This online course will be streaming live on April 8, 2022 from 8:30am – 4:00pm PT, 10:30am – 6:00pm CT, 11:30am – 7:00pm ET after purchase.
10:00am – 10:15am PT, 12:00pm – 12:15pm CT, 1:00pm – 1:15pm ET
12:00pm – 1:00pm PT, 2:00pm – 3:00pm CT, 3:00pm- 4:00pm ET
2:30pm – 2:45pm PT, 4:30pm – 4:45pm CT, 5:30pm – 5:45pm ET
Recorded footage and all course content (certificate, videos, quiz) will be available until May 9, 2022. Extensions cannot be granted under any circumstances.
Registration will close on April 7, 2022.
Sadly, our world today is filled with violence. Even those who specialize in working with trauma victims can be stunned by the stories they hear of childhood abuse, family violence, sexual assaults, and the atrocities of war. Such events can leave lasting scars for those who experience them, whether or not the residual effects lead to full‐blown clinical disorders like posttraumatic stress disorder (PTSD).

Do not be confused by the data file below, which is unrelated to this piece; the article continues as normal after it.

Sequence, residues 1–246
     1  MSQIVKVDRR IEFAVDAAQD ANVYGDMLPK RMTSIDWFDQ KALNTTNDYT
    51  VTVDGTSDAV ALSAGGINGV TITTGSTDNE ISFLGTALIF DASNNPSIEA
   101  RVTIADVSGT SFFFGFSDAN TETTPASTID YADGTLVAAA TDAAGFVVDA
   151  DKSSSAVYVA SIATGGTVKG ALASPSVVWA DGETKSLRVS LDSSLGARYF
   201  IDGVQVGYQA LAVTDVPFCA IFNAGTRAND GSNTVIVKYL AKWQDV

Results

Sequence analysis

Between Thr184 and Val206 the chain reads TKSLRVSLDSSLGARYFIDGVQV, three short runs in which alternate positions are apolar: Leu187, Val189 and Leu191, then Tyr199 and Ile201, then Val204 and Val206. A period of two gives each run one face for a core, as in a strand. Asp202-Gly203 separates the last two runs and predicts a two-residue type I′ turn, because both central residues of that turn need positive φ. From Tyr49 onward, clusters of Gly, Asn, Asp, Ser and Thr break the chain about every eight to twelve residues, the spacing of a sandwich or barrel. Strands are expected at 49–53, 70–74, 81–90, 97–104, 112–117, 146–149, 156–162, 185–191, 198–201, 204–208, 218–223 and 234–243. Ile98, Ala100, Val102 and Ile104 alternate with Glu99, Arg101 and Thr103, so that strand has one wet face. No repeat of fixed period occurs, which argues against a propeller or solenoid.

Inevitably, no matter what kind of clinical work one does, all therapists will encounter clients with some history of trauma. Therefore, all competent clinicians should have an understanding of PTSD, and at least some level of working knowledge of the principles involved in the treatment of individuals with trauma histories.
Even experienced trauma clinicians using our best evidence-based practices for PTSD, such as Cognitive Processing Therapy and Prolonged Exposure, know that these interventions do not work for everyone. Hence, research is continually seeking tools to enhance current treatments, and to decrease residual symptoms, and it is important to keep abreast of these new developments.
Newer research with promising interventions like Mindfulness-Based Cognitive Therapy and Acceptance and Commitment Therapy teach clients to relate differently to their thoughts, emotions, and body sensation while helping to build a life worth living.
Through lecture, discussion, and case examples, join clinical psychologist Dr. Richard Sears for this 6-hour workshop as he clarifies recent research on PTSD, the principles of exposure, and an overview of the principles and tools of Cognitive Processing Therapy, mindfulness, and ACT to provide you with practical tools and techniques to help your clients recover from trauma.